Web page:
Mario Party’s hand-hurting Tug o’War minigame includes a safety warning in Mario Party Superstars

But is it a good enough warning?

Screenshot of Mario Party Superstars

Image via Nintendo

The upcoming Mario Party Superstars will feature the original Mario Party’s infamous “Tug o’War” minigame alongside a message advising how to avoid injury while playing it, according to footage from leaked copies of the game, which is set to launch on October 29.

Twitter user Privilegedtorta was one of the folks who obtained an early copy of the upcoming Mario Party minigame collection. They posted various screenshots and videos of the game on Twitter, one of which showed the Tug o’War minigame in action. Immediately before starting the minigame, a warning can be seen on-screen advising against using your palm to rotate the control stick.

“To avoid irritation to your skin and/or damage to the control stick, do not rotate it with the palm of your hand,” said the in-game warning.

Mario Party fans on Twitter were quick to recall experiences of playing Tug o’War in the first Mario Party, sharing many stories of incurring gruesome hand injuries while playing. Some questioned the decision to include the game without any substantive changes aside from a one-sentence warning. 

It’s also worth noting that the warning discusses potential damage to the Switch’s control stick. Given the Joy-Con controller’s troubling analog sticks, which are prone to drifting after extended amounts of use, it seems possible that aggressively rotating them might exacerbate this already prevalent issue.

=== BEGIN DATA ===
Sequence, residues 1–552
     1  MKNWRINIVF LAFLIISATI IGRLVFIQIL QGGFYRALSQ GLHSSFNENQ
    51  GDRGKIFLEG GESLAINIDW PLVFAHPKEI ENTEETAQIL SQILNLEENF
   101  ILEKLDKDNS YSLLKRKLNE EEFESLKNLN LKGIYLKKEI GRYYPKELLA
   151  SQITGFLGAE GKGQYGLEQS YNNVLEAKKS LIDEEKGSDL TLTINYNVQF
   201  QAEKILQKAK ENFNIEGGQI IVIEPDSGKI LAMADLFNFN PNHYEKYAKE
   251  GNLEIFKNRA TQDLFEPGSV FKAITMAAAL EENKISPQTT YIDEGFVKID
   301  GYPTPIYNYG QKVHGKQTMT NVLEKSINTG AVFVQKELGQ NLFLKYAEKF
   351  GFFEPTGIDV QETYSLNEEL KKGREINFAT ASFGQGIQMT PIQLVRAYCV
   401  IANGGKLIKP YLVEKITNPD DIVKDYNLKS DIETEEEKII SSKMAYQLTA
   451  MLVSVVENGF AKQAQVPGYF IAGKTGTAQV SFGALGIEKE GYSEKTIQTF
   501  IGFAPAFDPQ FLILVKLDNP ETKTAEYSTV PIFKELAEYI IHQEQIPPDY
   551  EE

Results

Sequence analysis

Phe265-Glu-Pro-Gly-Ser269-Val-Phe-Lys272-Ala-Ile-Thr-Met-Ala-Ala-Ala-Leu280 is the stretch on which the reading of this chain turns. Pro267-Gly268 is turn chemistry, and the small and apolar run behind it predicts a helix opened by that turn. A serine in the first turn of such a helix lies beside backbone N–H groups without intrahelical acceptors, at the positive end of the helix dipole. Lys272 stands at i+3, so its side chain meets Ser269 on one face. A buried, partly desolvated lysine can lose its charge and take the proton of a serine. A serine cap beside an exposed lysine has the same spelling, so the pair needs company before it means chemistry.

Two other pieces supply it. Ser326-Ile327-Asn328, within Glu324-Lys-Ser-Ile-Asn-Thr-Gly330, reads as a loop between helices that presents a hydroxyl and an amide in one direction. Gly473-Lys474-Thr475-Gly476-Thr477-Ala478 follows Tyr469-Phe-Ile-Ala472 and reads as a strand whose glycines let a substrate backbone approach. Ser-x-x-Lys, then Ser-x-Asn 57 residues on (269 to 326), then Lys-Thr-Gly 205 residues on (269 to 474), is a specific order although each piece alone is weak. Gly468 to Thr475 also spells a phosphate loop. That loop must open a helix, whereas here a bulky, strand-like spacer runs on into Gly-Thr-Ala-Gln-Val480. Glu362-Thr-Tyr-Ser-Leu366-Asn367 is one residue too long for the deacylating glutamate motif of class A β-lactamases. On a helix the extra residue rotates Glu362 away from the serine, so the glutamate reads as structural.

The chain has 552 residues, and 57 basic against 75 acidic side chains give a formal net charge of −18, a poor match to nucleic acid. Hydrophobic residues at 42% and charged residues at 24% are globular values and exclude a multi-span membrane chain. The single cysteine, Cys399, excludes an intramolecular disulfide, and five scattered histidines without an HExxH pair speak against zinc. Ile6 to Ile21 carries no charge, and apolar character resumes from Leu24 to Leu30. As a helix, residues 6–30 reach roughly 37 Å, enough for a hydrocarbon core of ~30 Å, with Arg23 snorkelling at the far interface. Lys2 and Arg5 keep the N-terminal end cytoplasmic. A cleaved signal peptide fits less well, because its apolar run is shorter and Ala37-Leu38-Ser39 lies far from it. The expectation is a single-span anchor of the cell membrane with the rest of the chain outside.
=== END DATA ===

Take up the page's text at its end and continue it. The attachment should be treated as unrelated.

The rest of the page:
Related: All mini-games in Mario Party Superstars

Tug o’War debuted in the original Mario Party, and it was one of a small handful of minigames that tasked players with rotating the Nintendo 64’s analog stick as fast as they could; it didn’t take long for people to figure out that’s easier done with their palms rather than their fingers. However, while certain minigames are much easier using this method, they’re also a lot more dangerous. Many players suffered cuts and bruises on their palms as a result of this method, resulting in threats of legal action towards Nintendo. To ward off any potential lawsuits, Nintendo provided protective gloves to all Mario Party owners – a move that cost the company $80 million.

Likely due to this controversy surrounding the original title, Mario Party has never been officially re-released by Nintendo, while Tug o’War and other minigames calling for analog stick rotation have rarely been featured in the series going forward. Tug o’War returned in Mario Party: Island Tour for the Nintendo 3DS, but since the handheld had a flat circle pad rather than a hard, plastic analog stick like the Nintendo 64 controller had, the risk of palm irritation/injury was virtually nonexistent. Mario Party Superstars will mark the first time this minigame has appeared on a system with analog sticks since Mario Party’s launch.

It remains to be seen if the warning included with this controversial Mario Party minigame will help prevent hand injuries, or if history will repeat itself.